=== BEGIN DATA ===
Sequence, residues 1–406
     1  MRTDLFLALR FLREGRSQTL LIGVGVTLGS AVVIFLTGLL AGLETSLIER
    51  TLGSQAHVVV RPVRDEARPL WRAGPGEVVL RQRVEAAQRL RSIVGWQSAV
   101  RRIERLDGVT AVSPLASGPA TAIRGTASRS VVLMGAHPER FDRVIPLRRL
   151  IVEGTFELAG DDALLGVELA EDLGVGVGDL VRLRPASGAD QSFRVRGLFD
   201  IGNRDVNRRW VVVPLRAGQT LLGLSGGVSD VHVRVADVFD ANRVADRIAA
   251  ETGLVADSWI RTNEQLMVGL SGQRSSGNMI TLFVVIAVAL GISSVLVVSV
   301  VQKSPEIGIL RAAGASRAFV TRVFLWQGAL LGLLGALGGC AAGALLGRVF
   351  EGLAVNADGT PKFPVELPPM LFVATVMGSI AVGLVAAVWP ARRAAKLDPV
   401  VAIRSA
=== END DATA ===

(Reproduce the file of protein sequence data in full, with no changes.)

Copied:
Sequence, residues 1–406
     1  MRTDLFLALR FLREGRSQTL LIGVGVTLGS AVVIFLTGLL AGLETSLIER
    51  TLGSQAHVVV RPVRDEARPL WRAGPGEVVL RQRVEAAQRL RSIVGWQSAV
   101  RRIERLDGVT AVSPLASGPA TAIRGTASRS VVLMGAHPER FDRVIPLRRL
   151  IVEGTFELAG DDALLGVELA EDLGVGVGDL VRLRPASGAD QSFRVRGLFD
   201  IGNRDVNRRW VVVPLRAGQT LLGLSGGVSD VHVRVADVFD ANRVADRIAA
   251  ETGLVADSWI RTNEQLMVGL SGQRSSGNMI TLFVVIAVAL GISSVLVVSV
   301  VQKSPEIGIL RAAGASRAFV TRVFLWQGAL LGLLGALGGC AAGALLGRVF
   351  EGLAVNADGT PKFPVELPPM LFVATVMGSI AVGLVAAVWP ARRAAKLDPV
   401  VAIRSA